Importantly, salespeople are not all cut from the same cloth. A professional saleperson understands the housing market and is prepared with information about previous sales and listings currently for sale. He or she will also present you with a marketing plan and provide references and background information. Evaluate a potential salesperson’s previous experience, qualifications, personality, and enthusiasm. Select a person you know will do their best on your behalf.
If you do want to try selling your home by yourself, it is still advisable to speak with a salesperson as many will be happy to assist with paperwork, contracts and other issues and you can contact them should problems arise.
- Make Sure You Have Room to Negotiate
When determining your asking price, be sure you have left yourself enough room to bargain. Select your highest and lowest price and then consult your motivation for sale: do you want to price high to earn the most, or price low for a quick sale?
- The Appearance of Your Home Matters
It is imperative that your home have a welcoming appearance. Pay attention to both the look, and "feel" of your home. Paying attention to these details will benefit you as the look and feel of a home can generate the greatest emotional response in potential buyers. Potential buyers pay attention to what they can see, feel, hear and even smell.
- Enlist the Opinion of Others
Do not rely solely on your own judgment when preparing your home for sale. Ask others what they honestly think so that you can be objective about your property's strengths and weaknesses. A good salesperson will provide you with an honest opinion about what steps need to be taken to make your home as saleable as possible.
- Clean and Fix Everything in Sight
Ensure that every possible area of your home is clean and free of damage. Scrub your floors, clear the clutter, repair squeaky stairs and broken light switches. What might seem inconsequential to you may be a deal breaker for a prospective buyer. Keep in mind that your home is in competition not only with other resale homes, but with new builds as well.
- Help Potential Buyers Visualize Themselves in Your House
No buyer wants to enter a home, only to feel as if they are intruding upon the lives of its occupants. Depersonalize your home by de-cluttering, beginning with knick knacks and an abundance of photos. Decorate your home in neutral colours (think white or beige) to appeal to as many buyers as possible. Accessorize with a few carefully planned items that highlight your home's character. Make your home even more attractive to the other senses by purchasing fresh flowers and placing some potpourri in your bathroom. Home decorating magazines can provide a wealth of information about desirable decor.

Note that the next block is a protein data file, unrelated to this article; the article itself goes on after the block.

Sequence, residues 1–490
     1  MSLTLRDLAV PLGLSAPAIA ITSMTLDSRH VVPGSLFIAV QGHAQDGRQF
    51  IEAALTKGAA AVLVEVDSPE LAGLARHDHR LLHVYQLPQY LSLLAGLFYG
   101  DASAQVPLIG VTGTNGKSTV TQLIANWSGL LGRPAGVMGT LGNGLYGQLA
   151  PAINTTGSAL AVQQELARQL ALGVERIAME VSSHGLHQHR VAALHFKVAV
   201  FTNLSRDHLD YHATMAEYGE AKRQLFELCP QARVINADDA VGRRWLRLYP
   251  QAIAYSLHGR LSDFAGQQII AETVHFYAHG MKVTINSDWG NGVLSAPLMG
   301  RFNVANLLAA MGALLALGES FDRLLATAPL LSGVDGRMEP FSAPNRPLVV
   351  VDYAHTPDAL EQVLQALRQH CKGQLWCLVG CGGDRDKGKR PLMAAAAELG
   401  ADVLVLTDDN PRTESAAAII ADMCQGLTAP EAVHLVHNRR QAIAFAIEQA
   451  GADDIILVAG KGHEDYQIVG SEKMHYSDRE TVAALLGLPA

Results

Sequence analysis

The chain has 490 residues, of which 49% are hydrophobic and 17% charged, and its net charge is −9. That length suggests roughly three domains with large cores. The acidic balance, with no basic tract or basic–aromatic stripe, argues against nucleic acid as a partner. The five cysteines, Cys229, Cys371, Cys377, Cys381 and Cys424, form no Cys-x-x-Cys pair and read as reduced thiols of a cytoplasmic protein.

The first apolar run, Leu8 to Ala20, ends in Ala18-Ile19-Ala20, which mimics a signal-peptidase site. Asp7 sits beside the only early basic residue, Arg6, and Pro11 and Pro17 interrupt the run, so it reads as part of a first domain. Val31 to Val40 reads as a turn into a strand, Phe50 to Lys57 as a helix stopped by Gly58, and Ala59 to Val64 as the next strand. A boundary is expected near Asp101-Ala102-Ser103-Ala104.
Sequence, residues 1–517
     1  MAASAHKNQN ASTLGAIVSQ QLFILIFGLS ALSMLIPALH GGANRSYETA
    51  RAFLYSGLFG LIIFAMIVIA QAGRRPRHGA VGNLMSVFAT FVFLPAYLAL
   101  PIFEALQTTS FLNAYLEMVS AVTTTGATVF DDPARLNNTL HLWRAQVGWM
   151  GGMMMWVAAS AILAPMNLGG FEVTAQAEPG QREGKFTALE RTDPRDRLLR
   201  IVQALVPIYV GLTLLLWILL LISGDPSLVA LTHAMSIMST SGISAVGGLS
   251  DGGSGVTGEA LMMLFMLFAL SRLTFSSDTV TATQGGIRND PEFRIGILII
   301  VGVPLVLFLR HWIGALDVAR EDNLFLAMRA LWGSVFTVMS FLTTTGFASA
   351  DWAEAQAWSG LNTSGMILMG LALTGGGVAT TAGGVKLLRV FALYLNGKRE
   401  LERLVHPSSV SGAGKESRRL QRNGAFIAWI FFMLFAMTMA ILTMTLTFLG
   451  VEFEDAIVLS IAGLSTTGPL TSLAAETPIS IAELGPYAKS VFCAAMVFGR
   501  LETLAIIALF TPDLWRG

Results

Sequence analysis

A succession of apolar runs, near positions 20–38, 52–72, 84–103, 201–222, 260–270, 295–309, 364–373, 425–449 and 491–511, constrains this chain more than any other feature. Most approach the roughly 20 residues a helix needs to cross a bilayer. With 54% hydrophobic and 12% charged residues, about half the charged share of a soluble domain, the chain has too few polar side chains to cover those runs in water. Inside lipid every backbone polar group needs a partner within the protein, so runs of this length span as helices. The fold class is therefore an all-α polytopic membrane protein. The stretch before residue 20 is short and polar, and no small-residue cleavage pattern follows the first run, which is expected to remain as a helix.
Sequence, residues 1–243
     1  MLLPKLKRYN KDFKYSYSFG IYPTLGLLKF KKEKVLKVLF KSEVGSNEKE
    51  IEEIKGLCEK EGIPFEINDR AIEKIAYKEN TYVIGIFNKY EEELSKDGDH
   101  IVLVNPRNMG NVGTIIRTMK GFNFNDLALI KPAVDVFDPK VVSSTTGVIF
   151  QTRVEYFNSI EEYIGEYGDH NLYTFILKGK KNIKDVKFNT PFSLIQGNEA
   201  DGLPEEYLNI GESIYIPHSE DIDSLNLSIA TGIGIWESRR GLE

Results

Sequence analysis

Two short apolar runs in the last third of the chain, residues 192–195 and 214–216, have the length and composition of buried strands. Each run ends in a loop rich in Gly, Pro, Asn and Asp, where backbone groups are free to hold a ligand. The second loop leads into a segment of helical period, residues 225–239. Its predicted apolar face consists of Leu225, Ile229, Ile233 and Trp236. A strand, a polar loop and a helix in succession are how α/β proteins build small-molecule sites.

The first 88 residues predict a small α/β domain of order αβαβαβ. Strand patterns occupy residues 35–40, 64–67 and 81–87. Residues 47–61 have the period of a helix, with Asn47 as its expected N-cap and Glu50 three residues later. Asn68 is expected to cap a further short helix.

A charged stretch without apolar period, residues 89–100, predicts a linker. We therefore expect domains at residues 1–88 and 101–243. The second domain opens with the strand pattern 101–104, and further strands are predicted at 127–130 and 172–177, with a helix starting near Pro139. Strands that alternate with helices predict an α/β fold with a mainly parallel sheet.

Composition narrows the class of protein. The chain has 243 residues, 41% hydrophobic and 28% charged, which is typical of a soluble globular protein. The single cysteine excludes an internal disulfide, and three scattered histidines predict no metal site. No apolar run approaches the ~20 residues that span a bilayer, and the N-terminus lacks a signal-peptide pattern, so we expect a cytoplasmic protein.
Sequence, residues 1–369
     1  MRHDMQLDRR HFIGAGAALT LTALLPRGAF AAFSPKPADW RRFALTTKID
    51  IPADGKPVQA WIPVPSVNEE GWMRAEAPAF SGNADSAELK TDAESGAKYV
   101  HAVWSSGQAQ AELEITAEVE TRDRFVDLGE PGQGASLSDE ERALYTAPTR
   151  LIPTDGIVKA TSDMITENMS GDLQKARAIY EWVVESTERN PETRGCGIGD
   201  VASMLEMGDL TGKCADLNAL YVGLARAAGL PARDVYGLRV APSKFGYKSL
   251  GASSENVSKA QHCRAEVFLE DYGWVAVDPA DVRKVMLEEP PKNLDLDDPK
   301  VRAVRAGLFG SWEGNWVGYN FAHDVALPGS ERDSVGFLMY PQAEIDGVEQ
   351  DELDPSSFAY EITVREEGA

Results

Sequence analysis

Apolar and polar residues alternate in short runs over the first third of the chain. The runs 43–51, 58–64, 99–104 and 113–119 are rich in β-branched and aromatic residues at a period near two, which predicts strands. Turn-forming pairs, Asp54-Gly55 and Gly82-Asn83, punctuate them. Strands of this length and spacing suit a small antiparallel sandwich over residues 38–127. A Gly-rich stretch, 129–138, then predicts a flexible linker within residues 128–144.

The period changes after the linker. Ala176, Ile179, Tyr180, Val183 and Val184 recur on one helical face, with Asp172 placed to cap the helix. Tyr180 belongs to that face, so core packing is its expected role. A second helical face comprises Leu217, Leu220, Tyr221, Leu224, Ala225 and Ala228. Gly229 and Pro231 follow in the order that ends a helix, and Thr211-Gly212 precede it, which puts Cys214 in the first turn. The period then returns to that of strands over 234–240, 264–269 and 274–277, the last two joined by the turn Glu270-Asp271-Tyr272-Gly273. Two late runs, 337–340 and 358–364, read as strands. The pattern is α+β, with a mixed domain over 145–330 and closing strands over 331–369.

- Eliminate Odours That Can Cost You a Sale
You may be accustomed to the smell of your home, but prospective buyers will immediately respond to the lingering odour of cigarette smoke, pets, and even food. If a potential buyer realizes you smoke or have a pet, he or she may judge your home based on this knowledge, even "finding" other smells or stains that do not exist.
- Disclose Everything
Be a smart seller and be proactive about revealing any and all defects in writing to your buyer. Doing so reduces your liability and can prevent a lawsuit.
- Attract More Buyers
You can attract numerous potential buyers by maximizing your home's marketability. If more than one person has fallen in love with your property, they might compete with one another to purchase your home. If only one person wants to buy, he or she will compete only with you.
- Control Your Emotions
People can grow emotionally attached to a home, but it is important to set aside this attachment when trying to sell. Approach the sale of your home as a business transaction and conduct yourself in a business-like way. This approach will provide you with an advantage over sellers who are emotionally driven during the sale.
- Determine What Motivates Your Buyer